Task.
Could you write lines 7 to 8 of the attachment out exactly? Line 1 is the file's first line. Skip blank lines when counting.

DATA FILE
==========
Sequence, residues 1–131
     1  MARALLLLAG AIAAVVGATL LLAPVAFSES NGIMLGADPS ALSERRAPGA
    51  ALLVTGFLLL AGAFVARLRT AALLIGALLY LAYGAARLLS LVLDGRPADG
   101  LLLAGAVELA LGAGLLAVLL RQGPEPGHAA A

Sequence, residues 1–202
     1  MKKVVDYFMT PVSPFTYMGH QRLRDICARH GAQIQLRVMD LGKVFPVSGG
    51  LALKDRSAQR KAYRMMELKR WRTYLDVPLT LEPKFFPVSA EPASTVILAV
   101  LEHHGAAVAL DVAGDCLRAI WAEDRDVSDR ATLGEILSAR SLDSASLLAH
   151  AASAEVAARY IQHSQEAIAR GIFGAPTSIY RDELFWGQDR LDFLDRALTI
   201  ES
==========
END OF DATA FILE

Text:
    51  LALKDRSAQR KAYRMMELKR WRTYLDVPLT LEPKFFPVSA EPASTVILAV
   101  LEHHGAAVAL DVAGDCLRAI WAEDRDVSDR ATLGEILSAR SLDSASLLAH